Another area where the Blackshark V2 Pro (2023) makes gains (and strong ones at that) is in battery life. While the predecessor had a decent 24 hours of runtime here, the current model has a whopping 70 hours on the credit side. This makes the wireless gaming headset a real endurance runner and makes some rivals look pretty old.
That is quite astonishing, especially because of the low weight. But the headset not only lasts for a long time, it also recharges quickly: Included is a fast-charging technology that supplies the V2 Pro with power again for six hours in 15 minutes on the mains.
The range is also convincing. We can easily move up to 12 meters away from the audio source without sound dropouts or the connection breaking. Very good!
Recording and playback quality
- Convincing sound across all frequency ranges
- (With the right settings) also well suited as headphones for listening to music
- Convincing spatiality with THX Spatial Audio
The Blackshark V2 Pro (2023) relies on 50 mm TriForce Titanium drivers, which we already know from the Razer Kraken V3 HyperSense (our review), for example, and which were already convincing at the time.
However, the manufacturer has once again fine-tuned the frequency ranges for the new model. At the same time, the covered frequency band increases to 12 Hz to 28,000 Hz, which promises even richer basses and more details in the treble.
What comes out of the ear cups (or not, thanks to the very good passive sealing) is absolutely convincing. The gaming headset already delivers a convincing performance when listening to music – if you select the right preset.
As already mentioned, various shooter equalizer settings are available. In Fortnite mode, for example, there are rich basses and quite flat mids, which I did not like that much when listening to music. The Apex Legends mode, on the other hand, offers clearer mids paired with deep and precise bass.
The Call of Duty preset, on the other hand, puts the basses more in the background and noticeably brings the mids, but especially the highs, into focus – ideal for hearing the enemies’ footsteps while gaming. This is also my preferred setting for listening to music. However, everyone will find what they are looking for or simply adjust the sound on the software side.
The sound of the Blackshark V2 Pro (2023) is very good and it is indeed suitable as over-ear headphones for music and movies. They cannot quite keep up with the very best headsets, and the mids and trebles lack a bit of detail, but the Razer model still has a strong sound. Of course, there is also virtual 7.1 surround sound via THX Spatial Audio, which noticeably improves the sound’s three-dimensionality.
How good is the microphone of the Razer Blackshark V2 Pro (2023)?
- Excellent microphone quality (for a wireless gaming headset)
- Clear, dynamic voice reproduction
- Many setting options
Revised was also the microphone. Instead of the Hyperclear Cardioid microphone, there is now a new, “Razer Hyperclear Super Wideband Mic”, which is the name of the new microphone. Already when looking at it, it is noticeable that the voice pickup area has turned out to be much larger than before.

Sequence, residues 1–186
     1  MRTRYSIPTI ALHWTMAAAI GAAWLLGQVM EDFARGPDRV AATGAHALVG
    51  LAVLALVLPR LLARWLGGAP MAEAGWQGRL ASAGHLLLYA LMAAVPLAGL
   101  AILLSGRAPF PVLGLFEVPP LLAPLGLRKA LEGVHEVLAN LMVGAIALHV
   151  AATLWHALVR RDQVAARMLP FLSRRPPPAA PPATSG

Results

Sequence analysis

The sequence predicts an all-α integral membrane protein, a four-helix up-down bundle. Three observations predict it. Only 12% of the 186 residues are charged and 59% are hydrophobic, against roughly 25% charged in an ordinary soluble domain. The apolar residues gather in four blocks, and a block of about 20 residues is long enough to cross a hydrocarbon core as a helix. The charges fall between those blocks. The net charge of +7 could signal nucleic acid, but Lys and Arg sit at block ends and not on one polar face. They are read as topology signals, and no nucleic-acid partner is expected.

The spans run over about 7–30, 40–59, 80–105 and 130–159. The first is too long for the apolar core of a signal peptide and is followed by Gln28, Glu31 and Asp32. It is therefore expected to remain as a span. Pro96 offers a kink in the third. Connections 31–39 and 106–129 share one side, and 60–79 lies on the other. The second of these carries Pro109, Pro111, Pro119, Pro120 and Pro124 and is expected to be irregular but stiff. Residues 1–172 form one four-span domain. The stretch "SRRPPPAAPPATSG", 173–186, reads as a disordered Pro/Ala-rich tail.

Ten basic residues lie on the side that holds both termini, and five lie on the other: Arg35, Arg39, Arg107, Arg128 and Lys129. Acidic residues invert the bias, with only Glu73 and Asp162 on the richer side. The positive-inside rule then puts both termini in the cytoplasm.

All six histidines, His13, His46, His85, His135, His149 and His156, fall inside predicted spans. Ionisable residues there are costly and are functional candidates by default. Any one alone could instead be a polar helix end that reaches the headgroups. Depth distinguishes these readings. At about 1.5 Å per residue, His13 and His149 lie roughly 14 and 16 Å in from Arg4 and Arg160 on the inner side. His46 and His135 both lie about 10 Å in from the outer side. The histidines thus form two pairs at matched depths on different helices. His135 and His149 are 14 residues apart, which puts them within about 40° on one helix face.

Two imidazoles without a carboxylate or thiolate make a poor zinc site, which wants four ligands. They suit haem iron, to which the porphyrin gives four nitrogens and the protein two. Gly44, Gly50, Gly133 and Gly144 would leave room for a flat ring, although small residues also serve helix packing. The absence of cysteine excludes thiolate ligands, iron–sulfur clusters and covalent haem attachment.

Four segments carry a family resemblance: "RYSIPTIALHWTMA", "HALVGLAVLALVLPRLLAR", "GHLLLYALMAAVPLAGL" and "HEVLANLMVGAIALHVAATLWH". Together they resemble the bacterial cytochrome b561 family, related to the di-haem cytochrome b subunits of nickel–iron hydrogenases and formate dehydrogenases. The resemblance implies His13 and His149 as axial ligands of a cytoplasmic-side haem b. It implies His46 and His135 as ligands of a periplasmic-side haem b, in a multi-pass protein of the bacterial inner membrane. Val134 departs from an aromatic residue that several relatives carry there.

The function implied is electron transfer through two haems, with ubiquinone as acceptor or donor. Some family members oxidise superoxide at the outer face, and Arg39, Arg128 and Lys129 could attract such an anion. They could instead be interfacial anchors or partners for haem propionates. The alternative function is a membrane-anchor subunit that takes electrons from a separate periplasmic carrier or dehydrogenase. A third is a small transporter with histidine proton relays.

The uni-directional mic covers a frequency band from 100 Hz to 10,000 Hz and relies on a sensitivity of -42 ± 3 dB at 1 kHz. Both specifications are well known, but the larger area means that the microphone boom does not have to be positioned quite as precisely in front of the mouth to pick up the voice clearly. In addition, there is a sampling rate of 32 kHz – more than most gaming headset microphones offer.
And you can actually hear that when sonically, the microphone (for a wireless gaming headset) cuts a really very good figure. The user’s own voice is reproduced with a wide dynamic range, while background noise can be effectively filtered out.
If you really get into it, you can even noticeably improve the sound in the companion software. But already out-of-the-box, I really liked the microphone quality. It’s undoubtedly the best mic Razer has ever put in a headset.
Software connectivity: Razer Synapse
- Tidy software with lots of options
- Separate equalizers for headphones and microphone
As is always the case with peripherals from Razer, the Blackshark V2 Pro also makes use of the in-house Synapse software. Here you can make extensive adjustments to the sound and microphone.
For example, you can use the equalizer to adjust the sound to your preferences – both for playback and recording. For the mic, you can add a voice gate (and set the threshold) or have the ambient noise filtered out, which works quite well in practice.
Optionally, you can also improve the voice quality for playback, which is especially interesting for communication or movies and series, add a bass boost, and activate a “do not disturb” mode that blocks incoming calls on the connected smartphone when used via wireless receiver.
So, in the tidy software, you have a wide range of settings to choose from to customize the headset to your preferences.
Razer Blackshark V2 Pro (2023) review: conclusion
I liked the Razer Blackshark V2 Pro (2023) extremely well in the test. While the predecessor was already considered a comfortable and versatile wireless gaming headset, the new edition consistently eradicates just about all points of criticism.
The once good, but not completely convincing sound has been significantly improved. The microphone is one of the best in the wireless headset sector and the battery life of 70 hours is on an excellent level.
In combination with the high wearing comfort and the newly added Bluetooth connectivity, the overall package that Razer delivers here is right. So if you’re looking for a new headset, you’ll be really well served with the new V2 Pro.